It is true that if there is a very stiff penalty for breach, parties will be discouraged from committing "efficient" breaches, that is, breaches that confer a greater benefit on the contract breaker than on the victim of the breach, in which event breach plus compensation for the victim produces a net gain with no losers and should be encouraged. (This is a reason why injunctions are not routinely granted in contract cases -- why, in other words, the party who breaks his contract is usually allowed to walk away from it, provided only that he compensates the other party for the cost of the breach to that party.) But against this consideration must be set the worthwhile effect of a penalty as a signal that the party subject to it is likely to perform his contract promise. This makes him a more attractive contract partner, since if he doesn't perform he will be punished severely. His willingness to assume that risk signals his confidence that he will be able to perform and thus avoid the penalty. It makes him a credible person to do business with, and thus promotes commerce.
Granted, the case for a contractual specification of damages is stronger the more difficult it is to estimate damages and so the greater the expense to the parties and the judiciary, and hence to society, of determining the plaintiff's damages by the clumsy and costly methods of litigation. That presumably is why the enforceability of liquidated damages clauses depends on the difficulty of estimating, when the contract is signed, what the damages will be if 1002 the contract is broken. Yet in such cases the plaintiff will often be able to obtain injunctive relief instead of damages, on the ground that his damages remedy is inadequate, that being the standard criterion for injunctive relief; and an injunction often has a punitive effect because the cost to the defendant of complying with it will often exceed the harm to the plaintiff from the enjoined conduct. The fact that injunctions are sometimes granted in contract cases shows, therefore, that "punishment" is not wholly alien to contractual remedies. At a minimum one might suppose penalty clauses tolerable to the extent that the penalty portion approximated the costs in attorneys' fees and other expenses of proving damages for breach of contract.
The explanation for the rule against penalty clauses may be purely historical -- and "it is revolting to have no better reason for a rule of law than that so it was laid down in the time of Henry IV." O. W. Holmes, "The Path of the Law," 10 Harv. L. Rev. 457, 469 (1897). The slow pace at which the common law changes makes it inevitable that some common law rules will be vestigial, even fossilized. When a person comes into court seeking relief, the court naturally is inclined to ask why it should get involved in the matter. The court is busy, its resources limited. It wants to see some potential benefit from judicial intervention before it will lift a finger. The rules of contract law have remote origins, predating the era of freedom of contract and the ideology of free markets. Thus, when parties to contracts first sought damages for breach in cases in which the contract when broken had still been executory, courts declined to oblige; they couldn't see what harm had been done when the victim of the breach hadn't yet paid anything or begun to perform. Flureau v. Thornhill, 96 Eng. Rep. 635 (C.P. 1776); Basiliko v. Pargo Corp., 532 A.2d 1346, 1348-49 (D.C. 1987); 3 E. Allan Farnsworth, Farnsworth on Contracts § 12.8, p. 192 (3d ed. 2004); Morton J. Horwitz, "The Historical Foundations of Modern Contract Law," 87 Harv. L. Rev. 917 (1974). They were not moved by the fact that the parties, presumably rational, had thought it in their mutual interest to be able to enter into an enforceable executory contract.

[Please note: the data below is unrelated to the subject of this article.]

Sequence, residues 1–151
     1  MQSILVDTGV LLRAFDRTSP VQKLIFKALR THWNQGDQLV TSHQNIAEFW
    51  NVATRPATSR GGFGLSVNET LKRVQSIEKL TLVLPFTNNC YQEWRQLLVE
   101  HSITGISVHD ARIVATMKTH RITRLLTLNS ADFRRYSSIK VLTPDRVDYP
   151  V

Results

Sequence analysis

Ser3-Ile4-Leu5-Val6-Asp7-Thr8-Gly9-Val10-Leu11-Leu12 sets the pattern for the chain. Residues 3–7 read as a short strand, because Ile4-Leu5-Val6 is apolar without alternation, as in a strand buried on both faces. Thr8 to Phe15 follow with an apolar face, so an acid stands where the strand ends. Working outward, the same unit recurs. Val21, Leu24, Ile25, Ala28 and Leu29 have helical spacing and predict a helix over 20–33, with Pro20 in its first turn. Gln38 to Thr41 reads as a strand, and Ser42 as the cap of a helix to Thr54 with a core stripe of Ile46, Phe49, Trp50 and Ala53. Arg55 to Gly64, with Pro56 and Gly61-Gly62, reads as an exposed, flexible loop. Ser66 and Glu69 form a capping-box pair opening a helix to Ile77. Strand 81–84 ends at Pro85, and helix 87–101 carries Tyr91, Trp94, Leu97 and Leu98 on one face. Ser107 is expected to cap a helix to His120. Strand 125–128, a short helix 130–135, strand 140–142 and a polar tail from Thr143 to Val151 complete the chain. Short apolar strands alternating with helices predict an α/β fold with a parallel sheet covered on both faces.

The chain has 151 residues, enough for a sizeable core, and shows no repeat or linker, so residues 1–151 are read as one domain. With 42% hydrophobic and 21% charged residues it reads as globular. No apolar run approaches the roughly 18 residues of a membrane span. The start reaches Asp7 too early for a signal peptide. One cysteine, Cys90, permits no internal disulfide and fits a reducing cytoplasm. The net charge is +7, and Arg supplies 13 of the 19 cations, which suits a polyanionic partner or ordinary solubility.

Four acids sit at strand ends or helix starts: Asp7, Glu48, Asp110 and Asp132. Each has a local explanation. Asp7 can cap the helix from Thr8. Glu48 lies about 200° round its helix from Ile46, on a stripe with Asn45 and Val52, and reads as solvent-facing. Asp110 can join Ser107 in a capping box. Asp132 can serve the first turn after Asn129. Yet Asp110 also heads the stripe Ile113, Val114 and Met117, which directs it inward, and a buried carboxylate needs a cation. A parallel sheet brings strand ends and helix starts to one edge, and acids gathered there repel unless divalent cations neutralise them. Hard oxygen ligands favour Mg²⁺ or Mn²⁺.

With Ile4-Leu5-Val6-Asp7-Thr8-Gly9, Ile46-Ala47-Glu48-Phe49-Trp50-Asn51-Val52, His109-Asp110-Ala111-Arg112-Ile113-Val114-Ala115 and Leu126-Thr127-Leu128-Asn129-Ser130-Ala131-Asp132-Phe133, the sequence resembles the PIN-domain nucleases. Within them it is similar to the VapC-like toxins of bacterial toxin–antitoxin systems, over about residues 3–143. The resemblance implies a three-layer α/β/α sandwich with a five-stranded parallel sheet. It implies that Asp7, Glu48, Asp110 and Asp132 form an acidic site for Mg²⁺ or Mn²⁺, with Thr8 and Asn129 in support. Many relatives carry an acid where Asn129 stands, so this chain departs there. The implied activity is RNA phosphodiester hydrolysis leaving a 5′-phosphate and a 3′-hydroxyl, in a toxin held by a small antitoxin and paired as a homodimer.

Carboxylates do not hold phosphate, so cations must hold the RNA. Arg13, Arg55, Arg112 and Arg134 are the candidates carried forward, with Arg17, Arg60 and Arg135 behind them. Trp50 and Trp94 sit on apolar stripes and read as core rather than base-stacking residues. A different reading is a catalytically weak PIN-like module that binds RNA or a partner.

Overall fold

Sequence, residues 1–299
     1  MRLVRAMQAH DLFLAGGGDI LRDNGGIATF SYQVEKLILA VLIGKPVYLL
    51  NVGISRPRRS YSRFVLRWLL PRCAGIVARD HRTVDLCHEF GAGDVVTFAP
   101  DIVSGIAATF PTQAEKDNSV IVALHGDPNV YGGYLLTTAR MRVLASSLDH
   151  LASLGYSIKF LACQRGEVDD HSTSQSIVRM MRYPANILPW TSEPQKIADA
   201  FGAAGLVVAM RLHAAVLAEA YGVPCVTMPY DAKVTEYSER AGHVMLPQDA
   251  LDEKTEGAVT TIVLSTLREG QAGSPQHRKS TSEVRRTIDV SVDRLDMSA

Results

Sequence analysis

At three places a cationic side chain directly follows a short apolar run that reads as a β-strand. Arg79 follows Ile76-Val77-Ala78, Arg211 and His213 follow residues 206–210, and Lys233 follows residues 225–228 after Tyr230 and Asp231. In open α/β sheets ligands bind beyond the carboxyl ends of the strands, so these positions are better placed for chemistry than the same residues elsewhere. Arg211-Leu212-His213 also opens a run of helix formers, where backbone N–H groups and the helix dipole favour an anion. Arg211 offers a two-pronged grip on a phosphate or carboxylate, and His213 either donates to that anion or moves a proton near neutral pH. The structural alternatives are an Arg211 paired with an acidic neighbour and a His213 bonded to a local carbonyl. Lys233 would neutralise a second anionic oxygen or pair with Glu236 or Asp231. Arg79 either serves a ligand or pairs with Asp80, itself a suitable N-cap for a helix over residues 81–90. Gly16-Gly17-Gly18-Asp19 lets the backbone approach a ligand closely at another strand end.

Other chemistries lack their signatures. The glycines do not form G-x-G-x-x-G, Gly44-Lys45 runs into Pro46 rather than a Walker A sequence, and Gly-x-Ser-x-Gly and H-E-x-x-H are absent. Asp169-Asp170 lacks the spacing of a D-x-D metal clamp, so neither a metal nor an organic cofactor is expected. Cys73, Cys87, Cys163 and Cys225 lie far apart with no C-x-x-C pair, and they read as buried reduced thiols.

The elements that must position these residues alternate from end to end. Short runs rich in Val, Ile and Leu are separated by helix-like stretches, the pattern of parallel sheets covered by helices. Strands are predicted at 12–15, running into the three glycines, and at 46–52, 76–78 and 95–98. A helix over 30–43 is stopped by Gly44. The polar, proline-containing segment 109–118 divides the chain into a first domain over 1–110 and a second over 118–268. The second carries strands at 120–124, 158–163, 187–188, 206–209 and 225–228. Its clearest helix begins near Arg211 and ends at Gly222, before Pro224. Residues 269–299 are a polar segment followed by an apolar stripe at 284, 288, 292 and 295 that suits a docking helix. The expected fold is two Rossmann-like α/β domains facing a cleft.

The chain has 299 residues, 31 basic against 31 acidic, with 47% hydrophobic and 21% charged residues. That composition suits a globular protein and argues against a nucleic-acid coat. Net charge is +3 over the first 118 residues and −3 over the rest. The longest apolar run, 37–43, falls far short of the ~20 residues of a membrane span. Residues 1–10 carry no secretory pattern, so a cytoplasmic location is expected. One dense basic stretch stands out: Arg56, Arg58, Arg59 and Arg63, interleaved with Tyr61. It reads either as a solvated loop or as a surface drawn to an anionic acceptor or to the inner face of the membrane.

Similarly -- though here the historical record is murkier because there was an early period in which penal bonds were enforced, 3 Farnsworth, supra, § 12.18, pp. 302-04; Horwitz, supra, 87 Harv. L. Rev. at 936-37; William H. Loyd, "Penalties and Forfeitures," 29 Harv. L. Rev. 117 (1915) -- courts have had difficulty seeing what benefit would be conferred by awarding in effect punitive damages for breach of contract. Because liability for breach is strict (though the strictness is somewhat ameliorated by such defenses as impossibility and frustration), contract breakers often are innocent in a moral sense. Breach of contract is not a tort, so should not be punished -- or so the reasoning goes.